The Fridge Door: OLPC and Interactive Sponsorship

olpc learning club
Luis wants an XO laptop too!
Like many families, our fridge is a magnet for fridge magnets. One of those magnets is a 3x4 frame that holds a print of a smiling Luis.

Luis is a World Vision child, sponsored by my son, a university student who can barely manage to pay tuition, buy texts, house and feed himself – let alone sponsor a child.

So, in the end, he resorted to some creative sponsorship tactics - I ended up sponsoring him as the sponsor of the sponsored child – which leads me to the topic of this post: getting creative with charitable sponsorship.

As I read Robert Arrowsmith's "Mesh Networking XO Laptop Users – Globally" , it occurred to me that One Laptop Per Child, with its global reach, might offer an excellent opportunity for collaboration between the XO community and NGOs such as World Vision and its "Sponsored Child" program.

To be clear: this is not about purchasing XO laptops for World Vision.

This idea focuses on the emerging XO network and its multimedia resources and how they might allow NGO donors to either, in real time or close to it, see, hear and experience the impact of their charitable donations. Again, I'm not referring to the G1G1 donations but rather the various NGO programs that are looking for donors.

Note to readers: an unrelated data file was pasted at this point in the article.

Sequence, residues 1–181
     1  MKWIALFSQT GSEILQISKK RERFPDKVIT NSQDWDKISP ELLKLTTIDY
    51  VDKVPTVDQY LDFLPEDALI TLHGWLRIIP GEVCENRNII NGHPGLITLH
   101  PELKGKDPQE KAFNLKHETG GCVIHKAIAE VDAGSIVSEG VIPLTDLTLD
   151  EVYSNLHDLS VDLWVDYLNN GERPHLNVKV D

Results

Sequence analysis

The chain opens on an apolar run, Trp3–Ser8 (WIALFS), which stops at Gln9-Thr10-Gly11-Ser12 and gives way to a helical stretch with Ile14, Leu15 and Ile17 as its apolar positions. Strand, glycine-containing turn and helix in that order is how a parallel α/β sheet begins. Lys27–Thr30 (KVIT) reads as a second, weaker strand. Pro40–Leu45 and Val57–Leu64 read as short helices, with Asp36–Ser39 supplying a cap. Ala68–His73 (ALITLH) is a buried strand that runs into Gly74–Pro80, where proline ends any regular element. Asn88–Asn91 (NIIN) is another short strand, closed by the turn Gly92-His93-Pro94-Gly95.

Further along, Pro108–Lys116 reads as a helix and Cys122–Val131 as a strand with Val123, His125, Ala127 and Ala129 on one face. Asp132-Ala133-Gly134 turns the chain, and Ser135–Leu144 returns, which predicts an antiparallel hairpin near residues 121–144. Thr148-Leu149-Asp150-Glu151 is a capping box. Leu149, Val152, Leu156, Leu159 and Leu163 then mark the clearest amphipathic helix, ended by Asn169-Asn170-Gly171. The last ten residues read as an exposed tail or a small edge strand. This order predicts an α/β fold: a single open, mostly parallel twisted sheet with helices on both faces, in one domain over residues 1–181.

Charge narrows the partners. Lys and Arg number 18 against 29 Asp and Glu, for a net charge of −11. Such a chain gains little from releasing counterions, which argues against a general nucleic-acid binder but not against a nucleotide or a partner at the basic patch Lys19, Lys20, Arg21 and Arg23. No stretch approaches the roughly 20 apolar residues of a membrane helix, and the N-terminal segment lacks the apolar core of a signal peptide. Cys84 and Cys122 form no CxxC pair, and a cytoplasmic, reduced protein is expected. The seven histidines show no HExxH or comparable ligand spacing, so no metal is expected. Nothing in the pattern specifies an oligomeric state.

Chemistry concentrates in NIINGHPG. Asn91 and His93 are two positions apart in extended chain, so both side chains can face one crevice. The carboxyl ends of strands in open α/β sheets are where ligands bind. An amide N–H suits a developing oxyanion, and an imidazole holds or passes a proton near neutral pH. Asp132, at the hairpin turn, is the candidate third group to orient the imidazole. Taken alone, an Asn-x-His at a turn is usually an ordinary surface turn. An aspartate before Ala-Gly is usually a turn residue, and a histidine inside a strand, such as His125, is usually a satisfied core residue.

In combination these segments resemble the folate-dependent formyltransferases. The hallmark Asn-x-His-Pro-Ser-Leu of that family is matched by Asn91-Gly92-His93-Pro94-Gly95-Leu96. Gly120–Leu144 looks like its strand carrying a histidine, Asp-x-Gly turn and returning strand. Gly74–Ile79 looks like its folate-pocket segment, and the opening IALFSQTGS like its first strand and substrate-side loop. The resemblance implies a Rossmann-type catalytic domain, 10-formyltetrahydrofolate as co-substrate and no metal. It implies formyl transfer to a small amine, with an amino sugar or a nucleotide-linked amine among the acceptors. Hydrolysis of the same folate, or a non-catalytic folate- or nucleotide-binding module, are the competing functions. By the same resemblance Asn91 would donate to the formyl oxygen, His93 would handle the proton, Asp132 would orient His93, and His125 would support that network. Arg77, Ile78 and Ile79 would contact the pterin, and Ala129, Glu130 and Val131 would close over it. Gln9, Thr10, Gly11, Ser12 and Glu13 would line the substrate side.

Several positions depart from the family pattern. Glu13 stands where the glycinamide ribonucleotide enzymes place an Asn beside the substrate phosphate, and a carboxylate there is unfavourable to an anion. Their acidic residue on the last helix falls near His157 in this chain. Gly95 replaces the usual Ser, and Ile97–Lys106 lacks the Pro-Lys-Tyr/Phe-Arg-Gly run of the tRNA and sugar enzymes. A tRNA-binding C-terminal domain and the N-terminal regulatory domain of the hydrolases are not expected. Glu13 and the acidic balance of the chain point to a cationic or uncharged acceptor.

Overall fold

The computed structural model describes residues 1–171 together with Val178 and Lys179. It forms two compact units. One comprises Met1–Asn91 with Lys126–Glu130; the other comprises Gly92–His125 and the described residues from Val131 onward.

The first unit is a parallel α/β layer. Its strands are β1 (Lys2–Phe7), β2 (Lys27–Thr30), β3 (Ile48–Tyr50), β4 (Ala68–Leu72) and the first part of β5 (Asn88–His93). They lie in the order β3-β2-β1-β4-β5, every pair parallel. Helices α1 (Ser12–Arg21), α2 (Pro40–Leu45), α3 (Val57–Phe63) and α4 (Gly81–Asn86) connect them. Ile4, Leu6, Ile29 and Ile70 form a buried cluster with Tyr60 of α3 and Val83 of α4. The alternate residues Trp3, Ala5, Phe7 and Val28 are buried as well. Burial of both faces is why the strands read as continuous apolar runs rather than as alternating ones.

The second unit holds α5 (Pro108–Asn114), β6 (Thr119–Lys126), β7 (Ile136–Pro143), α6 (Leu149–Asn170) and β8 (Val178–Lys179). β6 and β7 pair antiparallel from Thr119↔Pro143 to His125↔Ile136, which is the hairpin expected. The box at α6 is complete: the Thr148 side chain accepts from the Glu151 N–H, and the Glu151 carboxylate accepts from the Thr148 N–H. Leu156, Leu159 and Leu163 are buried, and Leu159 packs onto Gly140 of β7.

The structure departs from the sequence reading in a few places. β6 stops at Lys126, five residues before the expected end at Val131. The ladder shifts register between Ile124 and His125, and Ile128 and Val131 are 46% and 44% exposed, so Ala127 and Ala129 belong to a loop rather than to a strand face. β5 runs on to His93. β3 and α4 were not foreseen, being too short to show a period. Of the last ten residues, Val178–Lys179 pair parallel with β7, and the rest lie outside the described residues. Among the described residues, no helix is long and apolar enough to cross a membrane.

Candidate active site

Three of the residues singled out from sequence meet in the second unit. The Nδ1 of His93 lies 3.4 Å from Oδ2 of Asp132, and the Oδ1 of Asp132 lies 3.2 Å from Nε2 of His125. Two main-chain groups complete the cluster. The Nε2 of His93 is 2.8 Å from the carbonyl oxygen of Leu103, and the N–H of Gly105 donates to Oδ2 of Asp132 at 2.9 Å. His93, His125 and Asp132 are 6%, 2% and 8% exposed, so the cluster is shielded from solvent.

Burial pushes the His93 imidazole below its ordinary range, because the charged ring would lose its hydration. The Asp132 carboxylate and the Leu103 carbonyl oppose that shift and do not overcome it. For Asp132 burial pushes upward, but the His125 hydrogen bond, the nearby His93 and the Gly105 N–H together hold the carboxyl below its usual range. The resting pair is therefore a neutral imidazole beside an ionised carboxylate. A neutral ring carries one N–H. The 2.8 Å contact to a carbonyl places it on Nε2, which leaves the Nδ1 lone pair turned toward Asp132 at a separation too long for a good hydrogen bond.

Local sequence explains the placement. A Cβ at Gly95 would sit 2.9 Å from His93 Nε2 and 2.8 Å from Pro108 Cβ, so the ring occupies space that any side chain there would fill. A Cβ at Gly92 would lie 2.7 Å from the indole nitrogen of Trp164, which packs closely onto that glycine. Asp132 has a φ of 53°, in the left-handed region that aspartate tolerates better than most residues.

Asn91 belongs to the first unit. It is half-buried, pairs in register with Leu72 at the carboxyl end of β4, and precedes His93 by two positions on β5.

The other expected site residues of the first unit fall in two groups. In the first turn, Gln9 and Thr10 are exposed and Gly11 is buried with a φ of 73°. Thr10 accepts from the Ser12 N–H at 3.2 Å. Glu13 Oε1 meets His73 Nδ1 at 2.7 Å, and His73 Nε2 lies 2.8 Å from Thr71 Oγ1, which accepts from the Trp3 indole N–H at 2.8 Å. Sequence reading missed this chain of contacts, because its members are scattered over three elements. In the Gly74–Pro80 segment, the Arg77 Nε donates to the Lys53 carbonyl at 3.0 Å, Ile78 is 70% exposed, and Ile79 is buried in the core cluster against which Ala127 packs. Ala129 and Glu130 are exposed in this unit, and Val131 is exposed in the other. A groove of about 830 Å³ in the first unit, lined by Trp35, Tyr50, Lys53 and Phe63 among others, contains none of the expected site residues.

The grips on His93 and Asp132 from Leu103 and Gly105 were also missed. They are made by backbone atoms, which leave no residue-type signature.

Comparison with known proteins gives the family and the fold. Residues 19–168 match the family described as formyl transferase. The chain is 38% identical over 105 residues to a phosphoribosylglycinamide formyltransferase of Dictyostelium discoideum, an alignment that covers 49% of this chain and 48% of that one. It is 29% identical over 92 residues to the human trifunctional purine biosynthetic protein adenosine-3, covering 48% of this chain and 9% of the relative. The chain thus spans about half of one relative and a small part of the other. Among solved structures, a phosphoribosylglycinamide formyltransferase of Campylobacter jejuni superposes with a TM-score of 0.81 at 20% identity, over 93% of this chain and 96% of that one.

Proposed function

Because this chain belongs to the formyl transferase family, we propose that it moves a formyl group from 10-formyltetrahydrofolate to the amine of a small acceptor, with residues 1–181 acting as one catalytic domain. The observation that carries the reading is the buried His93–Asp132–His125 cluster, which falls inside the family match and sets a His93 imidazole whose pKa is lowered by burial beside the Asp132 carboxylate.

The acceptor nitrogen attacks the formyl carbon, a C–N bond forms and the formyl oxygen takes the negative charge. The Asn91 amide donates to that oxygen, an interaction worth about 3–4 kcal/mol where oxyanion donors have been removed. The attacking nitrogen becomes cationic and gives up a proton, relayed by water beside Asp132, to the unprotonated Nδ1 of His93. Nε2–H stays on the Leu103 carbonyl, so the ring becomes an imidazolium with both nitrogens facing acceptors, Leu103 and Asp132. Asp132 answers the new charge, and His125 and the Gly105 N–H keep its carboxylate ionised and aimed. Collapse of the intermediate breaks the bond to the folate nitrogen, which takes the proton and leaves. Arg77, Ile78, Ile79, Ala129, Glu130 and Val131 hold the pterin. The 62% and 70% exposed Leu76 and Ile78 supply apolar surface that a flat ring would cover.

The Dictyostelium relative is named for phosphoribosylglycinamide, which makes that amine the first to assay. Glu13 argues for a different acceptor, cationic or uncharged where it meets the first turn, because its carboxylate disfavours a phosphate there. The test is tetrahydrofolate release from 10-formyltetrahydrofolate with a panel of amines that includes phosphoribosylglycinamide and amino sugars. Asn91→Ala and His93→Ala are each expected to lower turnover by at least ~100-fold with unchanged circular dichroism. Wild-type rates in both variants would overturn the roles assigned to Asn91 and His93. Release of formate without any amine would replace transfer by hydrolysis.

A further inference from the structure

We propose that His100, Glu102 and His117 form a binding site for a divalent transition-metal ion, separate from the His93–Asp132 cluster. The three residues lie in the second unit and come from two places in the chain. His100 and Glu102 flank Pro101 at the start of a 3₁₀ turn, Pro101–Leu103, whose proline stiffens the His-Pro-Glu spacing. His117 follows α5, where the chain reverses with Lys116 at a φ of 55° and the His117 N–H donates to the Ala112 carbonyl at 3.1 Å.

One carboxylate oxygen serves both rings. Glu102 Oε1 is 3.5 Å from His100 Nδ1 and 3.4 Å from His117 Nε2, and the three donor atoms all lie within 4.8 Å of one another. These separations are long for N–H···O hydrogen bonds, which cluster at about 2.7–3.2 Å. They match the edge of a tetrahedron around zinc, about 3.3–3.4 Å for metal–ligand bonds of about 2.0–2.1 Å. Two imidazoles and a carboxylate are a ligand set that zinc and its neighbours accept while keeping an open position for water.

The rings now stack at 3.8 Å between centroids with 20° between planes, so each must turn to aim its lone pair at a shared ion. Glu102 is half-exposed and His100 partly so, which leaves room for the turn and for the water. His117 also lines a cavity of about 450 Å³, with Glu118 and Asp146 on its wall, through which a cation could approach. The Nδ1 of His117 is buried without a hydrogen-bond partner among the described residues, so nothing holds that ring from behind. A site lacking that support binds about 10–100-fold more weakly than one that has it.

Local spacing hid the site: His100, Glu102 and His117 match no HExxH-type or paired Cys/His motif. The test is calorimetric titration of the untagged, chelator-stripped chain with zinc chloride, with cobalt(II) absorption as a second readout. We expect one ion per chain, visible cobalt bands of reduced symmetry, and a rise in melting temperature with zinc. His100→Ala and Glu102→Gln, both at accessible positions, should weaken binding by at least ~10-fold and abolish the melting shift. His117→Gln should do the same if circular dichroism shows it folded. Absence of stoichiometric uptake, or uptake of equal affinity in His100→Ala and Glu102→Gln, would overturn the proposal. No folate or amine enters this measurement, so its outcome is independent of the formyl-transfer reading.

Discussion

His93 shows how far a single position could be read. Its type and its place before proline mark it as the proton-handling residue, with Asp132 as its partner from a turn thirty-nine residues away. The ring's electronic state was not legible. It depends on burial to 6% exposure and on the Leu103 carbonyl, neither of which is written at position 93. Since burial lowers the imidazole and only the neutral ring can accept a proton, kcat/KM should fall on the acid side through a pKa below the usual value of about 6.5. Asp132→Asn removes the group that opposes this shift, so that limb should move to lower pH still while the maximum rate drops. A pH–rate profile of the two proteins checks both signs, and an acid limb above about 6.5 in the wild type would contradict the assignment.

An evolving XO infrastructure could potentially make NGO sponsorship programs so immediate, so interactive and so compelling that it might result in a much larger draw of sponsors and their resources.
Take this idea a step further: a future XO infrastructure could allow sponsor groups and sponsored communities to, in near real time, work together as teams to manage and implement donor projects.

An XO based interactive "Child Sponsorship" program is only one possibility.

Others could include sponsoring a village, a school, a new well, a teacher and so on. On the other side of the equation, it could be done in a group setting rather than as individuals. Interactive sponsorship even changes the sponsors' donated resources from being just strictly dollars to being dollars plus the sponsor group's experience, knowledge, problem solving skills etc.

On occasion I've asked Luis questions, as he smiles back at me from the fridge door, such as - how much of my donation did you actually get? - or, what did you or your parents use it for? - or, were you or your parents even asked to participate in that decision making process? Unfortunately, all I get in reply is a smile ...

Don't misunderstand me – I trust World Vision's expertise and good intentions to have used our family's donation well.

Nigeria OLPC
International help with geography